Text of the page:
"I am a proud Tucson Unified parent. the district has a long way to go but I have so many things that I appreciate. The teachers who truly love their job, the office staff who are happy to greet you in the mornings, the support staff who are great team players, the principal who is always on top of everything to make sure the school is taken care of. The parent involvement is incredible. Those district officials who are constantly fighting for the best for our students. Some members of the board who never loose focus on what matters and who matters(the students, families and TUSD employees) Last but not least a superintendent who has stood strong in the fight to get TUSD to a better place."

Information on the November 7, 2017 Bond Election

2017 Bond FAQ

Q: Why is Tucson Unified proposing a bond?
A: Our schools are in need of repair and refurbishment. They range from over 100 years old to 7 years old with an average age of 47. Although we strive to maintain these schools to high standards to serve our students, we have faced over $100 million in cuts to State capital funds in the last 8 years and our last bond was approved by voters 13 years ago. With State funding that is about 10% of what is needed for capital improvements and one of the lowest in the nation, it simply isn't possible to maintain our schools at the levels they should be to support the education of our students. Maintenance has been deferred; key building systems are in need of upgrades and replacements; old, inefficient systems drain money from education; and the environment for our students and teachers can be unacceptable.

Q: How did Tucson Unified determine the amount needed for the bond?
A: This bond was recommended by a group of staff, parents and community members who drafted the 2016 Facilities Master Plan. They identified the levels of funding needed and the projects that should be included in various bond amounts. This work was followed by a survey of potential voters in April 2017. Although a $300 million bond was identified as the preferred level of funding in the master plan process, the survey of voters indicated 70% support for the $180 million bond.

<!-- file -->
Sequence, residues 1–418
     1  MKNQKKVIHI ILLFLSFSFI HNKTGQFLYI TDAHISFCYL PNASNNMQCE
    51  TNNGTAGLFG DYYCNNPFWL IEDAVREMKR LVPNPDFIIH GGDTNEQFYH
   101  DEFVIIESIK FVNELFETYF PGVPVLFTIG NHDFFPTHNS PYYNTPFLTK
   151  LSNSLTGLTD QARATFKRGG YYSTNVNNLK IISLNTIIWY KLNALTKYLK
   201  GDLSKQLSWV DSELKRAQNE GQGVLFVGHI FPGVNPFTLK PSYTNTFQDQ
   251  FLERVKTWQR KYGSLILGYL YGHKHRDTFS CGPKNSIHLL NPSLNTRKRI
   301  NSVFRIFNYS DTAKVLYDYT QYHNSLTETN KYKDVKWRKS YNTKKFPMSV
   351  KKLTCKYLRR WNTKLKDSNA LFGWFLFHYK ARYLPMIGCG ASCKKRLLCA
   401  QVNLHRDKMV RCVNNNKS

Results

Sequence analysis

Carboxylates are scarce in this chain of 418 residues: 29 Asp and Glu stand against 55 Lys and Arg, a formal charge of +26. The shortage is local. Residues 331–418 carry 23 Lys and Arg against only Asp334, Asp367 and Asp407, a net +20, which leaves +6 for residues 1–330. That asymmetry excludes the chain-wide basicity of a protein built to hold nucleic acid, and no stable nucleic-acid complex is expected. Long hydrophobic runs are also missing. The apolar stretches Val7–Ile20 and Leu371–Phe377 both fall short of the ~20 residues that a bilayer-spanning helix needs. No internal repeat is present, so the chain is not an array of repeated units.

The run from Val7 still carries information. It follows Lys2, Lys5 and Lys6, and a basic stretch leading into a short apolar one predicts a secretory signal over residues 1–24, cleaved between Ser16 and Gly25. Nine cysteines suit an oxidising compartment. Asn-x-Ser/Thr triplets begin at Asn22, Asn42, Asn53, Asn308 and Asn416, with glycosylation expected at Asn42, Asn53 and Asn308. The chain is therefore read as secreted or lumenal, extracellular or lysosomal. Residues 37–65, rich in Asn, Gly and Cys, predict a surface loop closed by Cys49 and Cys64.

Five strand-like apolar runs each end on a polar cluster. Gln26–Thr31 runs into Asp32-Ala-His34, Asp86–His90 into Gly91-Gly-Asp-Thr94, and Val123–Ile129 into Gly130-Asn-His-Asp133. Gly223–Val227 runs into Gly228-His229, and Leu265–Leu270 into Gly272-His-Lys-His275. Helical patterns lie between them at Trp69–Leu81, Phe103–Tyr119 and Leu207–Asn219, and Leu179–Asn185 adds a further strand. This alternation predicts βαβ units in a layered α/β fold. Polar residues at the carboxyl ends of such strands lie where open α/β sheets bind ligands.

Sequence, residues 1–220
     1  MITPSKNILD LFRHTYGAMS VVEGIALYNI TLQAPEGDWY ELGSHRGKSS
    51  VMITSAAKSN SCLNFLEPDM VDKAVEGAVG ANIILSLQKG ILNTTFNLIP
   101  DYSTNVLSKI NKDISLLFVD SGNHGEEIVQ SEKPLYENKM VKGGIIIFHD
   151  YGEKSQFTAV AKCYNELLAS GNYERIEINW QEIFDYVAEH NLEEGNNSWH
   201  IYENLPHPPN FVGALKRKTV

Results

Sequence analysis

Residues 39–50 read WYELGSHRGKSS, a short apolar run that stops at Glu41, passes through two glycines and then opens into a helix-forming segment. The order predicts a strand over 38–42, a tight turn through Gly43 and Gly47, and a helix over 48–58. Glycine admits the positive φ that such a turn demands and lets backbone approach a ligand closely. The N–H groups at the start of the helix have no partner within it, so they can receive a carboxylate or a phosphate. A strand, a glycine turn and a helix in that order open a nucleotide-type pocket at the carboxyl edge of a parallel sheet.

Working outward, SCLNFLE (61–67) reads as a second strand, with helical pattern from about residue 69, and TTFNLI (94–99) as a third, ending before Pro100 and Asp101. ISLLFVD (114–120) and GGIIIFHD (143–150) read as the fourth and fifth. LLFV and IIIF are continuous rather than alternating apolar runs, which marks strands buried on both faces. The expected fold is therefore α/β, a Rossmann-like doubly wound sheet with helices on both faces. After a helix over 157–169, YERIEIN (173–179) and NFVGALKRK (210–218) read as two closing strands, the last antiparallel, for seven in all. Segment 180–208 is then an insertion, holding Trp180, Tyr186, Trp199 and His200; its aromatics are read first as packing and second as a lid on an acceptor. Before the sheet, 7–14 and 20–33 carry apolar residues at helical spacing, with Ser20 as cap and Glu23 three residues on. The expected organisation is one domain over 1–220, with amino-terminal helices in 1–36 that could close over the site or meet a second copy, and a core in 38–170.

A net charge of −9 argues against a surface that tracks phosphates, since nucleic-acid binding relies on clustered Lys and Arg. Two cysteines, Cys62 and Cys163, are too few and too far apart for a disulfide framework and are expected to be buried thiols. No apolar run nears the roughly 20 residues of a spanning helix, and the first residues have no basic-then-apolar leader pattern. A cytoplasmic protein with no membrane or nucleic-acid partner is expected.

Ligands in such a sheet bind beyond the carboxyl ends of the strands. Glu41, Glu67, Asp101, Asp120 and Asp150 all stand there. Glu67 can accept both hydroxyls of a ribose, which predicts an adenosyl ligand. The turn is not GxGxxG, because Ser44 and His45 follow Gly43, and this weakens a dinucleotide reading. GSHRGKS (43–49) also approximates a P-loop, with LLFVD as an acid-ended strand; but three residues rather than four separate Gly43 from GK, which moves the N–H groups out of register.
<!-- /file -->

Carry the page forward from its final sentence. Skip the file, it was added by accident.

Q: Will this bond support student achievement?
A: To prepare for this bond, a group of educators, a school planner and an architect visited all of Tucson Unified's schools and interviewed staff to determine improvements necessary to support education in the 21st century. Their assessments led to $45 million being proposed for Learning Space Improvements and Technology. This is funding that will go directly into classrooms and other spaces to support student achievement. Additionally, monies saved through increased efficiencies and lowered maintenance of new or refurbished building systems can help support our program to move more funding into classrooms.

Q: How does this bond support our community?
A: Parents want to live in areas with quality schools; thus, quality schools improve property values. They are also a focal point of the neighborhood, open for after school activities for students, clubs, churches and neighborhood associations. Students who graduate from effective schools become contributing members of the community, enhancing our economic security.

Q: Why is security and safety a separate line item in the proposed bond?
A: In our surveys of this community, it has been clear that safety of our students is a key concern. So, we undertook an assessment of the security of our schools. That assessment pointed to a need for improved access control, site monitoring, alarm systems and ways to lock down schools in emergencies. The costs of these improvements are enough to warrant their own line item.

Q: How can the community be sure Tucson Unified will use the bond as proposed?
A: By State law, Tucson Unified is required to allocate the bond money in accordance with the Proposed Capital Improvements table in this election packet. For our 2004 bond, to ensure we met all legal requirements and promises made to the voters, Tucson Unified established a committee of citizens to oversee bond expenditures. This committee was key to the success of the 2004 bond; they reviewed every project to recommend specific expenditures to the Governing Board. For this bond, the Governing Board has directed the same level of citizen oversight. In fact, some members from the 2004 Bond Oversight Committee helped to draft this proposed bond.